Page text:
Exploring learning disabilities: supporting belonging
Exploring learning disabilities: supporting belonging

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1 Caring relationships

It is known that people with learning disabilities need support from other people. But what may surprise you is that people with learning disabilities can also be carers, providing support to their friends, partners, parents and children.

Activity 1 Relationships in the institutions

Timing: Allow about 10 minutes

Watch this film about Gloria Ferris and Muriel Mussett. Gloria and Muriel met when they both lived in St Lawrence’s institution and their relationship continued when they moved into the community. Afterwards fill in the table below.

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Table 1 Gloria and Muriel’s relationship
Terms that Gloria uses to describe her relationship with MurielTasks that Gloria helped Muriel withThings that made Gloria and Muriel’s relationship difficult after Muriel left the institution
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Discussion

Table 1 Gloria and Muriel’s relationship (completed)
Terms that Gloria uses to describe her relationship with MurielTasks that Gloria helped Muriel withThings that made Gloria and Muriel’s relationship difficult after Muriel left the institution
  • mother
  • advocate
  • friend
  • washing
  • feeding
  • dressing
  • Muriel lives far away
  • the transport links aren’t very good
  • they don’t see each other as often as Gloria would like.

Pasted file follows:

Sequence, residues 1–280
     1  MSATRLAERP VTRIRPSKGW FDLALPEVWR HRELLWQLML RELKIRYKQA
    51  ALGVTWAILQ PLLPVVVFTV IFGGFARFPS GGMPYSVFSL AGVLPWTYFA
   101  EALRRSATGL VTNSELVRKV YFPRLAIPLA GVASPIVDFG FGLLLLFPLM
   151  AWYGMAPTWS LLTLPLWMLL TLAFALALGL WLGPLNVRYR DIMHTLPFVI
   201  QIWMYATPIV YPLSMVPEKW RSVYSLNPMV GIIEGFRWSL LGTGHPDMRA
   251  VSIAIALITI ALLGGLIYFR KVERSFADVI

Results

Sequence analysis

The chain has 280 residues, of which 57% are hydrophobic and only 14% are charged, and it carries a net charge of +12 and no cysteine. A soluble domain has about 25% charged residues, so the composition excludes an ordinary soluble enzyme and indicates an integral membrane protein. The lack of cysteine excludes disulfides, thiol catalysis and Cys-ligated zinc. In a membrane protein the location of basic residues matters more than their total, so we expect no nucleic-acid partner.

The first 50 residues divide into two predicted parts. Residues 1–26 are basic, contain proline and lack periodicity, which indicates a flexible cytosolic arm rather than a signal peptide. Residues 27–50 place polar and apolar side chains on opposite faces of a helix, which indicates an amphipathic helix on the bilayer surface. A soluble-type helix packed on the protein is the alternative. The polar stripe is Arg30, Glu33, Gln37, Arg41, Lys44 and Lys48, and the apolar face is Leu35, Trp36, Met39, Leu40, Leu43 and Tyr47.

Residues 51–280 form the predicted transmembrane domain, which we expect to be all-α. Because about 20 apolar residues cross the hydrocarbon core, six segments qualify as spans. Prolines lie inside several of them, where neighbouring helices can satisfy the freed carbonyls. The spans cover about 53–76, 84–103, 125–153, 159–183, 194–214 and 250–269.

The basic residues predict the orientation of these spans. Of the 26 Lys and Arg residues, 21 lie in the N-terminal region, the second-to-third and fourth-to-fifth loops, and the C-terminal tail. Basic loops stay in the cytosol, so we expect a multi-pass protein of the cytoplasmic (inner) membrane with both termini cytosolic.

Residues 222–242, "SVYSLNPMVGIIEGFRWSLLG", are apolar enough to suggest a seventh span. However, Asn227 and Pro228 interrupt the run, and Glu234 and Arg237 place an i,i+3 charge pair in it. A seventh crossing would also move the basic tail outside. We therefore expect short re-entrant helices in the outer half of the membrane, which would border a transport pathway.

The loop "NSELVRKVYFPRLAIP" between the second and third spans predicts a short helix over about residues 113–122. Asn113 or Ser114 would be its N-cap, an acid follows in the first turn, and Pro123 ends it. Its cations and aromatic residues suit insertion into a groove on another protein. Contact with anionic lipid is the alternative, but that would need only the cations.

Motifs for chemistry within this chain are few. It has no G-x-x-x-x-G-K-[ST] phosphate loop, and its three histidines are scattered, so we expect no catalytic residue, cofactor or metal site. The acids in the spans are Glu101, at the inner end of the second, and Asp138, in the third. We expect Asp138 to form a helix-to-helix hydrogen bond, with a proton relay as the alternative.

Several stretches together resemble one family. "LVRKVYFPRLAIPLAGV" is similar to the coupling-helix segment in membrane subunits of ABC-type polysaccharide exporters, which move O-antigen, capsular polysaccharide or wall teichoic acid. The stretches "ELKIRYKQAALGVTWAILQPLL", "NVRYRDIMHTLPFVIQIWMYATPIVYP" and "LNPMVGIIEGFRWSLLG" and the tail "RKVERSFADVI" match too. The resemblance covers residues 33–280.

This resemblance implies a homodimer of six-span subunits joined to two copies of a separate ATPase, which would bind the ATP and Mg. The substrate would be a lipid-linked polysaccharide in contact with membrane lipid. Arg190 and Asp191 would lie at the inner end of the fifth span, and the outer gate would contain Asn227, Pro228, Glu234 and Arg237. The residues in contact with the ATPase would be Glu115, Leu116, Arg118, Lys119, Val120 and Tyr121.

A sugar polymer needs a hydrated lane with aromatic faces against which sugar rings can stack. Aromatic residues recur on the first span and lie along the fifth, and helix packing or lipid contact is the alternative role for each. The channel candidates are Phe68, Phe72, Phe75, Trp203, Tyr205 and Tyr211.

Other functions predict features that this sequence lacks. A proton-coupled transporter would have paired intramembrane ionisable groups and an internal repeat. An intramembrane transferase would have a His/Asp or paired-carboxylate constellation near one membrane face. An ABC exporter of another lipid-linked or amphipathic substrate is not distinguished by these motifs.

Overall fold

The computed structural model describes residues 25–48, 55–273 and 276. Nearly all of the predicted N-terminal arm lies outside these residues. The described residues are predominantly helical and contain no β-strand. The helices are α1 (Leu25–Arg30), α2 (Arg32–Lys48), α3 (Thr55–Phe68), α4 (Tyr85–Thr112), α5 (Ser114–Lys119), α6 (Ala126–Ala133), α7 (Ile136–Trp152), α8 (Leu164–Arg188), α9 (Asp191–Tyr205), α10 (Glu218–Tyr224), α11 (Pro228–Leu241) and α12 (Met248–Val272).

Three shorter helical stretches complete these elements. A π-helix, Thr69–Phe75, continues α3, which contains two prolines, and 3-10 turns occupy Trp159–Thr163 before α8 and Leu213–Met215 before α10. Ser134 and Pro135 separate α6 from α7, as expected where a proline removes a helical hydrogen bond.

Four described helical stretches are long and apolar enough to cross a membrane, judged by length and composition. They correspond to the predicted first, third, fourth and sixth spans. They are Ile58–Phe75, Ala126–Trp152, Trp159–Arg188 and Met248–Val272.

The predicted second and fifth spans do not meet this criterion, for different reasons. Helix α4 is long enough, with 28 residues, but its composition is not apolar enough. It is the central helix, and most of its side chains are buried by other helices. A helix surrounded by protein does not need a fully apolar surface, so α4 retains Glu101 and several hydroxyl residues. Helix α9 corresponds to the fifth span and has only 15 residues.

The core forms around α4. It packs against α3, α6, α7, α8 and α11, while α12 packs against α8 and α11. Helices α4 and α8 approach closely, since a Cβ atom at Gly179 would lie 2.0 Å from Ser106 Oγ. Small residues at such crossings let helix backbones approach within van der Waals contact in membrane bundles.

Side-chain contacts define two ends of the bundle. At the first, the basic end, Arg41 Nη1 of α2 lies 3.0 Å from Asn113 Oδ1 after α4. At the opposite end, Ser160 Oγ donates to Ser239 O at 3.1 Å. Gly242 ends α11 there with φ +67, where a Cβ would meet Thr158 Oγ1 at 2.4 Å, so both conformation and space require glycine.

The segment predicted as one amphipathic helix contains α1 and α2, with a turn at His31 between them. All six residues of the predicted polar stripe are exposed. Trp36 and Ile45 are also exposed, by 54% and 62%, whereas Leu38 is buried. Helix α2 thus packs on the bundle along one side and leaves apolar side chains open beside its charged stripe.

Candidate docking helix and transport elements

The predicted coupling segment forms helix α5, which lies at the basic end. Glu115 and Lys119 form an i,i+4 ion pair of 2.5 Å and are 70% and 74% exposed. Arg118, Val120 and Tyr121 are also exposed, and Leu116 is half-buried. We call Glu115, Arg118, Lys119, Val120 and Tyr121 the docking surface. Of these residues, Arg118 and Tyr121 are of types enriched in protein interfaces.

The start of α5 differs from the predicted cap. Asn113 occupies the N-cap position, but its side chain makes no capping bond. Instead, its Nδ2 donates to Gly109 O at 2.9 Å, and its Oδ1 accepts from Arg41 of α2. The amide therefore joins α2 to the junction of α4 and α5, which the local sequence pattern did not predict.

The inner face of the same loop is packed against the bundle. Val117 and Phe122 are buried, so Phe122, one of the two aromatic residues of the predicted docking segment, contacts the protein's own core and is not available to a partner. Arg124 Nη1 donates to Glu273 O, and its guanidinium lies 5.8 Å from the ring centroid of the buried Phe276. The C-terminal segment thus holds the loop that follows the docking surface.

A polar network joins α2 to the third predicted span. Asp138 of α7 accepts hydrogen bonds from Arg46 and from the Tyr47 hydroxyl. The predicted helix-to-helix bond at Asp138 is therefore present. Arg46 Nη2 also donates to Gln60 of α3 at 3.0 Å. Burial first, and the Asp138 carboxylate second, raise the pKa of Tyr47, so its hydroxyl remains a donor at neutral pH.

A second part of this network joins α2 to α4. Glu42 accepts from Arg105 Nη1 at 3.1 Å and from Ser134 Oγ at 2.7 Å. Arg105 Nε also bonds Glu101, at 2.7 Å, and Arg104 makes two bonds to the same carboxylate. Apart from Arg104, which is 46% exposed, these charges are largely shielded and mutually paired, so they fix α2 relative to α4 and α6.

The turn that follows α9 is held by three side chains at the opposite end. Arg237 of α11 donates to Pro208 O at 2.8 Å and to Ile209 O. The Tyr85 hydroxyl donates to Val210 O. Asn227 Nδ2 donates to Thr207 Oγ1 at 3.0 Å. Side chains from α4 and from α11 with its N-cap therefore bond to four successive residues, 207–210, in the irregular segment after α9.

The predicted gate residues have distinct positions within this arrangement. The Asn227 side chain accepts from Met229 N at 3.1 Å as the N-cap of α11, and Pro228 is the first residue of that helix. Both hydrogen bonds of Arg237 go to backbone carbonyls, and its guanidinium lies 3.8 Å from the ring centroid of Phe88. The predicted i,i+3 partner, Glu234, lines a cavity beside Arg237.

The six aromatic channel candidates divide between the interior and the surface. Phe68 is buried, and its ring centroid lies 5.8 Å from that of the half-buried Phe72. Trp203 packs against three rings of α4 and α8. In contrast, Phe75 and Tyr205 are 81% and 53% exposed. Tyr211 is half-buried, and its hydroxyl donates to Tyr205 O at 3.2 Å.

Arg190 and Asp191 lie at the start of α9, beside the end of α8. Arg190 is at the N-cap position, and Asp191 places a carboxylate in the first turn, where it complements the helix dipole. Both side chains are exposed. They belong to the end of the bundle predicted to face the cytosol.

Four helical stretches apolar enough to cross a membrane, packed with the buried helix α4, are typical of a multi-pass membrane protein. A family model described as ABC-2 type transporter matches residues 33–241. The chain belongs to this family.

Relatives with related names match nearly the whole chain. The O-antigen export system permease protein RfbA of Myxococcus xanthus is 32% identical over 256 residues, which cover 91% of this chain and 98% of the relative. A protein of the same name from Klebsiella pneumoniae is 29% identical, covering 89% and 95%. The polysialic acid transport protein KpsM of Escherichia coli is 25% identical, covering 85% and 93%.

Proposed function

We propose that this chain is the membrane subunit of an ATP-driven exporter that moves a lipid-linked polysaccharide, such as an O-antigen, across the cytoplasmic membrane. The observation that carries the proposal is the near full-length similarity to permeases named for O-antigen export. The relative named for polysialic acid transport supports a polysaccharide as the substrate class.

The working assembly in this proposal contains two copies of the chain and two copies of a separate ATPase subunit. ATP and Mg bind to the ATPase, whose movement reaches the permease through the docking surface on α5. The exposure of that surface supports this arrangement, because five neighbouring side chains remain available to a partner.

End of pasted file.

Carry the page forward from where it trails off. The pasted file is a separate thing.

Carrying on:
The one term that Gloria doesn’t use to describe her relationship with Muriel is that of ‘carer’. This is despite the fact that Gloria was very involved in Muriel’s care in the institution – and after. You may have been surprised to learn that people like Gloria had caring roles in the institutions. However, it has been argued that institutions were only economically viable because some people with mild or moderate learning disabilities did unpaid work when they lived there.

Watching the video you can see that Gloria didn’t resent taking on this role of ‘carer’ – indeed she was very happy to care for Muriel in this way. But the film also shows that the relationship between them was not only about caring. Gloria says ‘it’s both ways’, suggesting that the two women became good friends. Gloria also talks about being ‘like a mother’ to Muriel, suggesting their relationship was deeply felt.

While most people with learning disabilities were very happy about being moved into the community, it did present difficulties for friendships. Gloria and Muriel spent much less time together after leaving St Lawrence’s. Very sadly, other people completely lost touch with their friends after leaving the institutions.

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